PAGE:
Madagascar | Freedom House

Freedom in the World

Madagascar

Madagascar

Freedom in the World 2007

2007 Scores

Status

Partly Free

Freedom Rating
(1 = best, 7 = worst)

3.5

Civil Liberties
(1 = best, 7 = worst)

3

Political Rights
(1 = best, 7 = worst)

4
Ratings Change: 

Madagascar’s political rights rating declined from 3 to 4 due to irregularities during the presidential elections, including the disqualification of an opposition candidate and the use of multiple ballots.
Overview: 


Incumbent president Marc Ravalomanana won reelection, in a crowded field of contenders, to a second five-year term in December 2006. While most observers agreed that the vote reflected the will of the Malagasy people, the campaign was marred by opposition claims of biased administration and electoral irregularities, which, if not addressed, raise concerns for the legitimacy of future elections.


Madagascar, the world’s fourth-largest island, lies approximately 250 miles off Africa’s southeastern coast. A political cleavage has traditionally existed between the coastal cotier and the highland merina peoples, of continental African and Southeast Asian origins, respectively. After 70 years of French colonial rule and episodes of severe repression, Madagascar gained independence in 1960. A leftist military junta seized power from President Philibert Tsiranana in 1972. A member of the junta, Admiral Didier Ratsiraka, emerged as leader in 1975 and maintained power until his increasingly authoritarian regime bowed to social unrest and nonviolent mass demonstrations in 1991.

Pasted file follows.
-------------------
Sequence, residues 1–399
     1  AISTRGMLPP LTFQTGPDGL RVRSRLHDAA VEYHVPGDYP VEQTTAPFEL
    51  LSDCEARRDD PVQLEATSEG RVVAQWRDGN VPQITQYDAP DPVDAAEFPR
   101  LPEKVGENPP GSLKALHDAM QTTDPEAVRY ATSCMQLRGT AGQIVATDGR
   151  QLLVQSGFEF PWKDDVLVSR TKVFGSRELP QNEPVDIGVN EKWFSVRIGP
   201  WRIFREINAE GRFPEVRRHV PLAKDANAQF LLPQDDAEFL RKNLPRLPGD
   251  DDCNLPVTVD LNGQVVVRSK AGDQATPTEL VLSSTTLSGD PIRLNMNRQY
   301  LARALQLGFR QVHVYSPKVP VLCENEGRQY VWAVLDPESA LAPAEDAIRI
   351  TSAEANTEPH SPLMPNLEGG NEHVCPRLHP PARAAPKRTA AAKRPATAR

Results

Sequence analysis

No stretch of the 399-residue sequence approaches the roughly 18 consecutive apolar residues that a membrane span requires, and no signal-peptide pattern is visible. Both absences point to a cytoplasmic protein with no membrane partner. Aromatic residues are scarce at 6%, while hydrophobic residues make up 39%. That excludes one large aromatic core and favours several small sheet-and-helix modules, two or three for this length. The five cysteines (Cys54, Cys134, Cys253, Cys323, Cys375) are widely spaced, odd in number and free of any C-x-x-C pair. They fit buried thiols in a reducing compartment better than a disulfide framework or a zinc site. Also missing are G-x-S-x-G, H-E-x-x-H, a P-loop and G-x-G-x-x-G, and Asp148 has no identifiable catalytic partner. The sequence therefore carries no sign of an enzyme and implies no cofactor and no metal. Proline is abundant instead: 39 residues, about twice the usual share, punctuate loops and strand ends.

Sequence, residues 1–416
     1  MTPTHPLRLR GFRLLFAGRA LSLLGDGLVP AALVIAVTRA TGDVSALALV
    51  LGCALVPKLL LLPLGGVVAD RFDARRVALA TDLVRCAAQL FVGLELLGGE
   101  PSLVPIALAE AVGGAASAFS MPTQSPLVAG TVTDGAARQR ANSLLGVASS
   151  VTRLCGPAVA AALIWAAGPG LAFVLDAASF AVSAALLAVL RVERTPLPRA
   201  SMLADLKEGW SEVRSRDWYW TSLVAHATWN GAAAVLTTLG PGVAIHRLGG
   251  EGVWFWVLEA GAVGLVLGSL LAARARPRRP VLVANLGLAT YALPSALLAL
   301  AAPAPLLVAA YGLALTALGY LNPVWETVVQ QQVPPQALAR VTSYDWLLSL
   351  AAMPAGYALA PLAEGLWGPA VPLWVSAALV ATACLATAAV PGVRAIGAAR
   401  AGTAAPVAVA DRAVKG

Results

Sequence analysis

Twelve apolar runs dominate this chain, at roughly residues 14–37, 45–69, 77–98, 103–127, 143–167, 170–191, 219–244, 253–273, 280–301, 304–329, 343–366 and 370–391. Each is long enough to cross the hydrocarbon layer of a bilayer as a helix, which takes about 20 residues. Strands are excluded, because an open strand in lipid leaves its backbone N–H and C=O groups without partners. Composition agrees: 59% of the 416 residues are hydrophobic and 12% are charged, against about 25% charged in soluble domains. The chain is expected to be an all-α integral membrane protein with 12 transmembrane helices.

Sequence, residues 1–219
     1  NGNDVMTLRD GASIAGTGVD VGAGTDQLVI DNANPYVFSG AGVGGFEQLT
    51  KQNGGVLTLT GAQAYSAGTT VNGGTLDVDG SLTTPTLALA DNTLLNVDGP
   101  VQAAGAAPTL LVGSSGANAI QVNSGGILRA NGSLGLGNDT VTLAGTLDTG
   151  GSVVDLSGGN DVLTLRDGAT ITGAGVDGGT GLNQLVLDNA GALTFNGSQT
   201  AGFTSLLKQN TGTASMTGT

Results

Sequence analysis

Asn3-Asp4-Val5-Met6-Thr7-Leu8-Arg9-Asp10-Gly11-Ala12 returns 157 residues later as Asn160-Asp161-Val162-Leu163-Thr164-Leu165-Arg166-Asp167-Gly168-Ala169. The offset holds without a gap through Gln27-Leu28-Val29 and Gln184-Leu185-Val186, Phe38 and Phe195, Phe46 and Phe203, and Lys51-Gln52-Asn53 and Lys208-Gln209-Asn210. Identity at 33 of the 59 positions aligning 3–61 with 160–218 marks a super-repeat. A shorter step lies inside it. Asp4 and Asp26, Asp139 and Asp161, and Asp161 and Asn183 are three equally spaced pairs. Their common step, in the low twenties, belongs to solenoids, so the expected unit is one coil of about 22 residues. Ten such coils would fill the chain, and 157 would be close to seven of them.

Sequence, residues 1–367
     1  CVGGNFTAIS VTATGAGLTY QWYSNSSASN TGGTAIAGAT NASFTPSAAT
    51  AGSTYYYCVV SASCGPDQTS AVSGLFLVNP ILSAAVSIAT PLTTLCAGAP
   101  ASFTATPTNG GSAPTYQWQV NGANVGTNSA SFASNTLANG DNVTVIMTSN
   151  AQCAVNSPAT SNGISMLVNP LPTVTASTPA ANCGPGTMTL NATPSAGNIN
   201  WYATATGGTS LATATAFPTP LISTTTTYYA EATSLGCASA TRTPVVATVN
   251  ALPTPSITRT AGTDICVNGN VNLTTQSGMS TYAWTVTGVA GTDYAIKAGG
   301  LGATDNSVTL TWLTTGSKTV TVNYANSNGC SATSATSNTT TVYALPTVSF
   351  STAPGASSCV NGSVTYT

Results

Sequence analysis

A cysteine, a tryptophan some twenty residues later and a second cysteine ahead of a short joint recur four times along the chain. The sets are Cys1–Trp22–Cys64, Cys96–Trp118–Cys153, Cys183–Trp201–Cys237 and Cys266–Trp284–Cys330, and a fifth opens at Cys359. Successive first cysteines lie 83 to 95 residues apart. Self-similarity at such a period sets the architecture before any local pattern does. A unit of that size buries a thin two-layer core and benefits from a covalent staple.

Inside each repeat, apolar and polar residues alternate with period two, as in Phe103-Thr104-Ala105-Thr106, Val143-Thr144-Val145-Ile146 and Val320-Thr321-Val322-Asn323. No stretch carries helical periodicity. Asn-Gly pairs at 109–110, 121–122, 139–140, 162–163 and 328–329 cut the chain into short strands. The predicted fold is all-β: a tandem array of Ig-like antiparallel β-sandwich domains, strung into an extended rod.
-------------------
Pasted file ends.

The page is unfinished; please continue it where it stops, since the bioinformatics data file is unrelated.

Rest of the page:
Under a new constitution, opposition leader Albert Zafy won the 1992 presidential election with more than 65 percent of the vote. He failed to win reelection after being impeached by the Supreme Court in 1996. Ratsiraka won a narrow victory in a December 1996 presidential runoff election that was deemed generally legitimate by international and domestic observers.

Legislative elections in May 1998 were viewed as more problematic than previous polls. The Malagasy Council of Christian Churches and several political groups noted that the balloting was marred by fraud and other abuses. The ruling Association for the Rebirth of Madagascar (AREMA) party won 63 of 150 parliamentary seats and emerged as the leading force in a coalition government.

A decentralization plan was narrowly approved in a 1998 referendum that was boycotted by the country’s increasingly fractious opposition. November 1999 municipal polls resulted in overall success for independent candidates. Elections were held in December 2000 for provincial councils, the next step in the government’s decentralization policy. In 2001, the first-ever Senate elections, part of a policy to extend democratic governance, finally took place after a long delay.

In the December 2001 presidential election, opposition candidate Marc Ravalomanana claimed that he had been denied an outright victory by polling irregularities. He declared himself president in February 2002, having refused to take part in a postponed second-round runoff vote. After considerable violence between supporters of the two rival candidates, the High Constitutional Court announced in April that Ravalomanana had indeed won the election in the first round, and he was sworn into office in May. The incumbent, Ratsiraka, refused to acknowledge the result. Sporadic clashes continued until July 2002, when Ratsiraka left the country and the last of his forces surrendered. The extended crisis had a seriously negative effect on the Malagasy economy.

Parliamentary elections took place in December 2002, and Ravalomanana’s I Love Madagascar (TIM) party won a large majority. Observers from the European Union said the conduct of the poll was “generally positive” despite a few reported “lapses,” while the International Francophone Organization said it was “credible and transparent.” Local elections held in 2003 further strengthened Ravalomanana’s position.